Marijuana votes put pressure on US government
We are travelling through Denver inside a tour bus with a twist.
A disparate group of some two dozen people are relaxing - that is definitely the word - on plush benches which run along the sides of the vehicle.
They are not here to gaze at the Rocky Mountains. These tourists have come to the Mile High City to get stoned.
"Ready to get high," ask Stacey and Mia Jane, our cheerful, charming guides. The instant cheers and wide grins from the entire bus tell you that this is a rhetorical question.
The driver is sealed into his compartment, in the back a music video blasts out and the passenger compartment is soon filled with a thick fug of smoke.
Welcome to Colorado where recreational marijuana use has been legal since January 2014 and where an entirely new business - cannabis tourism - has taken off.
For many of the passengers this is a remarkable change after spending years hiding their habit in the shadows.
Marijuana has been smoked or otherwise ingested by humans for at least 2,000 years but for much of the past century it has been demonised.
The 1936 propaganda film Reefer Madness set the tone, suggesting that the drug led to murder, suicide and other horrors.
Billions of dollars has been spent on tackling suppliers and enforcing abstinence. And yet now, puff-by-puff, state-by-state, Americans are rehabilitating the herb.
Today it is a legal medicine in 25 US states. Four - Alaska, Colorado, Oregon and Washington - allow recreational use, as does the District of Columbia.
On November 8, as well as choosing a president and sending politicians to Congress, voters in Arizona, California, Maine, Massachusetts and Nevada will decide if they want to join the recreational users.
Propositions to allow medical marijuana are on the ballot in Arkansas, Florida, Montana and North Dakota.
'Still a lot of stigma'
In Denver, the state government is raking in millions of dollars in taxation from the fledgling industry, according to Mike Eymer, who runs Colorado Cannabis Tours. But, he argues, the business isn't yet treated equally.
"We still deal with a lot of stigma. We have to jump through a lot of hoops with the regulators. They treat this stuff as if it's nuclear castings," he complains.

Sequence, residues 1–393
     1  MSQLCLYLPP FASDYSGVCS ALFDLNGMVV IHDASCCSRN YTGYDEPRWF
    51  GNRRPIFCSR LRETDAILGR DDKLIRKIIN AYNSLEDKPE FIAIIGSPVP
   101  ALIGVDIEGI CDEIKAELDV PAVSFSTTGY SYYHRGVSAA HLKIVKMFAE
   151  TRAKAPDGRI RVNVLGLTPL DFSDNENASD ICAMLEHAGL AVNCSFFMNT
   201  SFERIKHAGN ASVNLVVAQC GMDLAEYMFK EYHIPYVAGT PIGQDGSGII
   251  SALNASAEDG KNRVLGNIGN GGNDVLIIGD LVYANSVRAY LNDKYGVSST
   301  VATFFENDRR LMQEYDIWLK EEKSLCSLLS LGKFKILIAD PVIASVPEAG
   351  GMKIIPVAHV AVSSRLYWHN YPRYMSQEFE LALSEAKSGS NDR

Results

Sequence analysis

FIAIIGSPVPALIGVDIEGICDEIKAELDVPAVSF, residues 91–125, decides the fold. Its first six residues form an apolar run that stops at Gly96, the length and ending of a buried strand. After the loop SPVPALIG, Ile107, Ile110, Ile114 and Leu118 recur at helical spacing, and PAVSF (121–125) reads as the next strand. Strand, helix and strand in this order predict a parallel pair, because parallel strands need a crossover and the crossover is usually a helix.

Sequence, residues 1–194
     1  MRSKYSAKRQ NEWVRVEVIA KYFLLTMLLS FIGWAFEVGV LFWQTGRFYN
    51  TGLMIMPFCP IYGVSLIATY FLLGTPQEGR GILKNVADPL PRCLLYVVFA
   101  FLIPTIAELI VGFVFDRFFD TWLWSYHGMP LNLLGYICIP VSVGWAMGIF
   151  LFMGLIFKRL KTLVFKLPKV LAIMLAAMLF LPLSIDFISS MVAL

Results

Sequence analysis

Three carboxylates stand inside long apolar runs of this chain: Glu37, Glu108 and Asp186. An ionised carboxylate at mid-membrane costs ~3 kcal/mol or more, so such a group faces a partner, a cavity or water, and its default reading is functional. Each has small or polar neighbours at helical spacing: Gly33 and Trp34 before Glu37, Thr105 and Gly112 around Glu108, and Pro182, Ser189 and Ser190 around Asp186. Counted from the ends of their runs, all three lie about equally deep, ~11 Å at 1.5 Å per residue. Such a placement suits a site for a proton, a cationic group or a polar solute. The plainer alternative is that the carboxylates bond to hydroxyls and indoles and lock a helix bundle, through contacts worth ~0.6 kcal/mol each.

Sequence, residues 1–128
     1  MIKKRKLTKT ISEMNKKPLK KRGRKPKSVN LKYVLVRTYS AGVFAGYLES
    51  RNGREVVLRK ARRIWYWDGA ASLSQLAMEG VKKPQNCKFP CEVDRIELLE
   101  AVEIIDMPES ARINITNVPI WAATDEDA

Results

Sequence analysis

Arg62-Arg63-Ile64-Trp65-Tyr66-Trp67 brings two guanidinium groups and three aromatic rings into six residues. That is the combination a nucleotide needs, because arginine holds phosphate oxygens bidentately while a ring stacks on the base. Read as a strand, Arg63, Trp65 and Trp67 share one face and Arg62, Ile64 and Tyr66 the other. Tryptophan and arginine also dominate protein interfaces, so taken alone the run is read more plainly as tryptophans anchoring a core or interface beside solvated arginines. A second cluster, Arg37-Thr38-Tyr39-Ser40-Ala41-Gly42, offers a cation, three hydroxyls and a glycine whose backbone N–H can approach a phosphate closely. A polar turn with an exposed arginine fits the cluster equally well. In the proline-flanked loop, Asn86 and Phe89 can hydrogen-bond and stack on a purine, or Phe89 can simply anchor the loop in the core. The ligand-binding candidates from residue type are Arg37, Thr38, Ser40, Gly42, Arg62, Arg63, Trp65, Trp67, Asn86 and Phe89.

Among the federal regulations are restrictions on the ability of cannabis-related businesses to use bank accounts.
In March, an official statistical analysis for the Colorado Department of Public Safety concluded that it was "too early to draw any conclusions about the potential effects" of legalising the drug "on public safety, public health, or youth outcomes".
But the chief prosecutor in Denver insists there has been a rise in violent crime as cash and drugs at marijuana facilities are targeted by armed robbers.
And that's not the only aspect of the industry which concerns District Attorney Mitch Morrissey.
He is worried about traffic accidents as well as the effects on health and education and he has a message for voters elsewhere: Don't end up a "Stoner State" like us.
"Why don't you wait? Because you have a guinea pig out there and it's called the state of Colorado.
"You're making a public policy decision that could have an impact on an entire generation of Americans."
Mr Morrissey says "greed" is the driving factor behind the relaxation of drugs laws.
'Mecca of marijuana'
Visit Desert Hot Springs and you can see his point. Except that here, in this unremarkable and unloved settlement in California's Coachella Valley, they would rather call it a business opportunity.
In recent months patches of barren, dusty land have been changing hands for hundreds of thousands of dollars. Why? Because the town council has decided to embrace and encourage the growth and sales of marijuana.
At present the Wikipedia entry for Desert Hot Springs - upstaged for years by its fashionable tourist resort neighbour Palm Springs - does not even mention the trade.
Jason Elsasser of CV Pharms, a budding cultivation company, thinks that will soon change.
"It's going to be the Mecca of marijuana," he says.
"If what they have just approved so far was built - if they quit taking applications - their budget of $15m a year would increase to $35m to $40m a year," he says, referring to local taxation on production of medical marijuana.
If recreational use is approved on election day, Mr Elsasser reckons that his "humble little town" will go boom.
Back in Colorado, tour operator Mike Eymer is also eyeing California with interest.
He has plans to expand into the Golden State if it votes yes on Proposition 64.
"We raise more money than alcohol taxes do and we don't cause nearly the problem that alcohol does," he says.
But even if Californians approve the measure, as polls suggest they will, marijuana will still not be out of the shadows entirely.
Federal law continues to brand the drug as dangerous and prohibited.
It is a glaring and thorny contradiction, typical of the tussles between state and federal power and between authoritarians and libertarians in the United States.
The Drug Enforcement Administration has twice refused to downgrade cannabis from a Schedule I substance alongside heroin, LSD and MDMA (ecstasy) to a less dangerous Schedule II substance, arguing that it has concerns about patient safety and a "high potential for abuse."
That position may not be sustainable for much longer if millions more Americans use the ballot box on election day to say no to the war on drugs.